Tag Archives | Digital cameras

Is Kodak Smartly Exiting a Dying Business?

Kodak Instamatic

I’m part of the problem: I never owned a Kodak digital camera. In fact, I’m not sure if I ever owned a Kodak camera–not counting disposable ones–period.

Still, my instinct upon hearing that Kodak is going to stop making digital cameras (along with video cameras and digital picture frames) was to take the loss personally. Kodak says it wants to license its legendary name to other manufacturers–as Polaroid, Sylvania, and other companies do–but it’s not going to be the same.

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iPhone 4S Camera vs. “Real” Cameras

Chris Foresman of Ars Technica conducted an ambitious comparison of the iPhone 4S camera vs. an Olympus point-and-shoot and a Canon DSLR (as well as Samsung’s Galaxy S II phone). The results weren’t conclusive: Foresman says that the best camera is the one you have with you, which was always true and always will be true. But the story’s worth reading and the image samples show just how far camera phones have come.

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Polaroid’s New/Old School Camera

Polaroid news! PCWorld’s Robert S. Anthony reports on the new Z340, a new digital camera from Polaroid that, more than any of its previous digicams, hearkens back to its instant-photography glory days. It not only spits out prints, but can make them look like classic Polaroids, complete with the off-center white border.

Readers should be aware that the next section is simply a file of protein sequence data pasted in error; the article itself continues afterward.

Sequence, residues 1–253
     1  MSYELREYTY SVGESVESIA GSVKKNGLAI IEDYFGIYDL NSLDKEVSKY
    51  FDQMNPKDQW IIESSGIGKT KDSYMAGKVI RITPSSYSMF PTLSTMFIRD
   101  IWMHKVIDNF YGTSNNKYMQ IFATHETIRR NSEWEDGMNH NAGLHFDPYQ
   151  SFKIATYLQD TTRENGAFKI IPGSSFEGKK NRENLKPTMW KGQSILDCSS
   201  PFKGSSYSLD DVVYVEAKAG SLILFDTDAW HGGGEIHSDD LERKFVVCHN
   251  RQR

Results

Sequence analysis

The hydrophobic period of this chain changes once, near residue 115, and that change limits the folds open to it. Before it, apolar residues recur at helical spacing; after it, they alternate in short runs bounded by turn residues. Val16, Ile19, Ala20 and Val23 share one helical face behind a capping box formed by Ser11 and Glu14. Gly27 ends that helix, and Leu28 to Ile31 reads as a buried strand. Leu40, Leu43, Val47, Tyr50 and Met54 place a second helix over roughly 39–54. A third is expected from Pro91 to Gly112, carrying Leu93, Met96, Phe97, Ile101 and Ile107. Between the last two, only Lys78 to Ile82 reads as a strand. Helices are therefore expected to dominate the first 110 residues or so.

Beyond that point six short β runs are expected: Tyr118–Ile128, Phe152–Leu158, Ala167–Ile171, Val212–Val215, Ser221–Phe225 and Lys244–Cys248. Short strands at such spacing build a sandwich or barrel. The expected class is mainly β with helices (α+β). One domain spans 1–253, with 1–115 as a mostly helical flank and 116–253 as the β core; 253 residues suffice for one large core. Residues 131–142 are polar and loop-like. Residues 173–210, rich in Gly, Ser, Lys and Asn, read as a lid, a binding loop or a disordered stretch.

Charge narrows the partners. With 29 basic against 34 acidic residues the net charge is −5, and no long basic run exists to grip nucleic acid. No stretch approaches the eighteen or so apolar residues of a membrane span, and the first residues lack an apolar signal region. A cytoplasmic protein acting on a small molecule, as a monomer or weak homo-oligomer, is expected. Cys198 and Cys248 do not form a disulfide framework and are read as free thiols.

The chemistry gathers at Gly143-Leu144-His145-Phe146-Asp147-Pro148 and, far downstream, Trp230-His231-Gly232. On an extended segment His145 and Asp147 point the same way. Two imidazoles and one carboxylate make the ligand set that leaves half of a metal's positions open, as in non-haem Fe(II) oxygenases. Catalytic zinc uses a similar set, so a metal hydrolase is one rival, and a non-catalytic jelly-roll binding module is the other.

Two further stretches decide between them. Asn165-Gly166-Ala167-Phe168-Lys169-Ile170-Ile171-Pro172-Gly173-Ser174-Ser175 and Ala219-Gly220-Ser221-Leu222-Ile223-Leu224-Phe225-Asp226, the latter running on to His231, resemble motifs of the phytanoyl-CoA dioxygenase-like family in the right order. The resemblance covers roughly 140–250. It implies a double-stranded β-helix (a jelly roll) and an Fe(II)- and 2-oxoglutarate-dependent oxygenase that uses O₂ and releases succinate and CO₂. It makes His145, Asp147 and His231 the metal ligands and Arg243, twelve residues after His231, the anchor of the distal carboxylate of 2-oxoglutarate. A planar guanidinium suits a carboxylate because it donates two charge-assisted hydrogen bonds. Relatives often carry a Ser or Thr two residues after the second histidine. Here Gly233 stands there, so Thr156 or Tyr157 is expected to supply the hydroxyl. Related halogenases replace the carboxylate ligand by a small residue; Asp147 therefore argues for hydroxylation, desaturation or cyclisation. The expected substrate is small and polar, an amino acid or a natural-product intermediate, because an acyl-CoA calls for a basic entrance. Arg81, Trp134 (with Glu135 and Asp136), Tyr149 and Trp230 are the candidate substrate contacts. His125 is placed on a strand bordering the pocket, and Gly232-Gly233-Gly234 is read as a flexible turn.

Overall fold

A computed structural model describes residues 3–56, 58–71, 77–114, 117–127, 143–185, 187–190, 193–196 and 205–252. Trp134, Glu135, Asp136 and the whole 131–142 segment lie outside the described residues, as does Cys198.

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Sony’s Digital Zoom Breakthrough?

One of the core things that digital camera buyers have always needed to know is that optical zoom is good, and digital zoom is…well, maybe not bad, but kind of worthless: all it does is throw pixels away. But as PCWorld’s Tim Moynihan reports, Sony is saying that its new Cyber-shot TX55, a super-thin camera, has a digital zoom that preserves detail rather than losing it. I’m still skeptical, but I’m looking forward to seeing reviews.


Shoot Your Own 3D

Last Gadget Standing Nominee: Fujifilm Real 3D W3

Price: $499.99

I’m not sure if the world is ready to start taking photos in 3D, but Fujifilm sure came up with an attractive was to do it. The FinePix Real 3D W3 digital camera is the first compact consumer 3D digital camera capable of capturing both 3D still images and HD 3D movies at 720P resolution, thanks to its dual-CCD, dual lens system. You can view 3D photos and movies on the W3’s autostereoscopic widescreen display–no glasses required–and the HDMI output port lets you connect the camera to 3D TVs. Other features include Advanced 2D Mode, which takes advantage of the dual CCD/dual lens system to capture two different 2D images at the same time–zoom and wide angle, for instance, or two different sensitivity settings.


The Problems With Point-and-Shoot Cameras

Odd coincidence: TechCrunch’s MG Siegler and I both bought Canon’s PowerShot S95 digital camera last week. He makes a good point about the S95: For all the quality of its results, it feels fundamentally crippled by the fact it doesn’t run apps and isn’t directly connected to the Internet, as smartphone cameras are. All other traditional cameras have the same problem.

So what’s to be done? I’m not sure, especially since I don’t want to buy a point-and-shoot camera that comes with its own pricey 3G data plan. Maybe the best solution would be if it were easy to transfer photos off of an SD card directly onto a smartphone. Anyone know of any way to do that?